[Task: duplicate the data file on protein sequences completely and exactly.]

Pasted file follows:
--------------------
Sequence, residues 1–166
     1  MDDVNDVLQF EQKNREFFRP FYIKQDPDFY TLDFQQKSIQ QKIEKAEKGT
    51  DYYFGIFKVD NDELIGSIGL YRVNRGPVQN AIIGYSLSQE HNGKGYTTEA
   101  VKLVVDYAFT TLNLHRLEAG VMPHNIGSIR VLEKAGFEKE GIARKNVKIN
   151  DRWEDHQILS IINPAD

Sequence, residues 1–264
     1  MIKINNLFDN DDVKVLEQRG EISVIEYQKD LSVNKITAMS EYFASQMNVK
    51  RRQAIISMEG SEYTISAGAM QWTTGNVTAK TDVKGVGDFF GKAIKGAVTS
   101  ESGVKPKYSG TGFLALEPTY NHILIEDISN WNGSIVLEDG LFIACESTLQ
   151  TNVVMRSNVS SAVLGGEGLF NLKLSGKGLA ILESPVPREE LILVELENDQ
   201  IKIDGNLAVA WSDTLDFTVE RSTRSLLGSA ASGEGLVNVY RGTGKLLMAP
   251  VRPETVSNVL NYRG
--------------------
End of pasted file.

Sequence, residues 1–166
     1  MDDVNDVLQF EQKNREFFRP FYIKQDPDFY TLDFQQKSIQ QKIEKAEKGT
    51  DYYFGIFKVD NDELIGSIGL YRVNRGPVQN AIIGYSLSQE HNGKGYTTEA
   101  VKLVVDYAFT TLNLHRLEAG VMPHNIGSIR VLEKAGFEKE GIARKNVKIN
   151  DRWEDHQILS IINPAD

Sequence, residues 1–264
     1  MIKINNLFDN DDVKVLEQRG EISVIEYQKD LSVNKITAMS EYFASQMNVK
    51  RRQAIISMEG SEYTISAGAM QWTTGNVTAK TDVKGVGDFF GKAIKGAVTS
   101  ESGVKPKYSG TGFLALEPTY NHILIEDISN WNGSIVLEDG LFIACESTLQ
   151  TNVVMRSNVS SAVLGGEGLF NLKLSGKGLA ILESPVPREE LILVELENDQ
   201  IKIDGNLAVA WSDTLDFTVE RSTRSLLGSA ASGEGLVNVY RGTGKLLMAP
   251  VRPETVSNVL NYRG